Monday, January 25, 2010

Practical Caregiving advice

Easy, practical caregiving advice – what a concept!

Too often family caregivers are overloaded with information. Getting on the internet often just compounds the problem, as hundreds of resources pop up – some great; some awful; sometimes hard to tell the two apart.

Last week, we visited my husband’s cousin in the hospital. This lively, energetic, independent 76 year old woman got hit by a car walking out of the supermarket last weekend. She was in the cross-walk and had looked both ways. A distracted driver simply didn’t see her, slamming into her right in the crosswalk.

The good new – her roasted chicken was saved. The bad: her lower leg was broken in about 6 places.

Her doctor has drawn a picture of her leg on a white board on the wall. I'm sure she shared it with everyone who visited - probably up until her discharge. It gave her, and us, a way to visualize her injuries. Now, if he had also put her treatment plan there, we could have visualized that, too, and how we could help.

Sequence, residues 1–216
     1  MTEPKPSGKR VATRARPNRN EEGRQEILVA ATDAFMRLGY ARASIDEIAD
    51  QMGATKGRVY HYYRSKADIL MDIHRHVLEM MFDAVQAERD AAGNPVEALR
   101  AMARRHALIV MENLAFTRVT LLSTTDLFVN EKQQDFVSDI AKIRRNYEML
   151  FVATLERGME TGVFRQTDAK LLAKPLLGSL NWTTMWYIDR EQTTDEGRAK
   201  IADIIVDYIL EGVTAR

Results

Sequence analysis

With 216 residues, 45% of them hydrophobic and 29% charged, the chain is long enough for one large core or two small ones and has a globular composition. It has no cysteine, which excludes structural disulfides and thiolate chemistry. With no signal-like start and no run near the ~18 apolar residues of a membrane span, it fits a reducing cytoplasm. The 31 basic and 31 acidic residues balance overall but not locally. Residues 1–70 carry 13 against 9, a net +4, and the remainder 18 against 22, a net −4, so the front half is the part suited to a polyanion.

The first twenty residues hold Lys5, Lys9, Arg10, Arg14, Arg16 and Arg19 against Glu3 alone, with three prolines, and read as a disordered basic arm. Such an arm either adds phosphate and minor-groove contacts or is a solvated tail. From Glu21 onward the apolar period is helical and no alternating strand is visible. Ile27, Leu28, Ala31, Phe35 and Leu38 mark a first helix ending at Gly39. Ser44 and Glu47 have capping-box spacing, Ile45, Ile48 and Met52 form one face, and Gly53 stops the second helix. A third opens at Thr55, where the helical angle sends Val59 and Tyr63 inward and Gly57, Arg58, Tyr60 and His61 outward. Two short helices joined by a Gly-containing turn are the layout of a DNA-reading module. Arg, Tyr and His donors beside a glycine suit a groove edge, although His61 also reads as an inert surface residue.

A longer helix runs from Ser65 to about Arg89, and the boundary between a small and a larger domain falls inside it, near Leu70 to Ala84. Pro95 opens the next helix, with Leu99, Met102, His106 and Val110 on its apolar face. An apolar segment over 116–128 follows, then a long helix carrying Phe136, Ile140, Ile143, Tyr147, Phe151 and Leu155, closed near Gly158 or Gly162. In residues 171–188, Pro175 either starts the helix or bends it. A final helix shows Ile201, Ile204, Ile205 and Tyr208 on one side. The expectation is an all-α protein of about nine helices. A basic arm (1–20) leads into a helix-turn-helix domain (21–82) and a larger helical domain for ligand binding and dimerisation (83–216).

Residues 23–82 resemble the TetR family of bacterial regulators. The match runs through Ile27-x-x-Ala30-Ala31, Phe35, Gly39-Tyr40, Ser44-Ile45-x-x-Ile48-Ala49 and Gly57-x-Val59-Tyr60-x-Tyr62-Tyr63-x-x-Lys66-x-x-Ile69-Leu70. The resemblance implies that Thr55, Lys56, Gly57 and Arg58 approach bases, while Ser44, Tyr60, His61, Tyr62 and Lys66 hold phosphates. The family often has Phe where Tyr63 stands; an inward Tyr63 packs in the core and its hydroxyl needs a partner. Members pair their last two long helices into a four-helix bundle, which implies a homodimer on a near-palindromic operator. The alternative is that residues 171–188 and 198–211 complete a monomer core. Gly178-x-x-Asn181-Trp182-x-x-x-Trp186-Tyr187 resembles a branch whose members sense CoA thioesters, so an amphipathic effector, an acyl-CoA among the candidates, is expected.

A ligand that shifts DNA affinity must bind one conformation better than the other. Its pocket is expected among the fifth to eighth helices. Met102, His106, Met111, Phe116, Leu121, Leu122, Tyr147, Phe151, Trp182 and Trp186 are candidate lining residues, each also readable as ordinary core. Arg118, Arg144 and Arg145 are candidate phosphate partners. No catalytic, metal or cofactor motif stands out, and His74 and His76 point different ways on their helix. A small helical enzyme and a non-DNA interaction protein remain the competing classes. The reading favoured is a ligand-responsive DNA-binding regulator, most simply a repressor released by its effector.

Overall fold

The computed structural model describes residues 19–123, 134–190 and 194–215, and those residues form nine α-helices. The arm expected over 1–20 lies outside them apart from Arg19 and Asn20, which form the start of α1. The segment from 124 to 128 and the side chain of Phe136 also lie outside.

And that’s where my mind went as I read the easy, practical advice from David Solie today on his blog titled "Hospital Quicksand: words are not enough."

Solie suggests buying a small dry erase board and writing what’s going on during a hospital stay, and what should happen afterward. Keep it simple and clear. Help the person hospitalized – and their family – make sense of what is often a confusing, overwhelming experience.

I love the example of Ellen, who wrote on her mother’s board on discharge day:

1. New Medication > Reduces fluid build up > take one every day
2. Walking > strengthens heart > 15 minutes, twice a day
3. Follow up > family doctor > 2 weeks.

Simple. Clear. Easy. As Solie says, “The board costs four dollars. The marker two dollars. The ability to understand and preserve control: priceless.”

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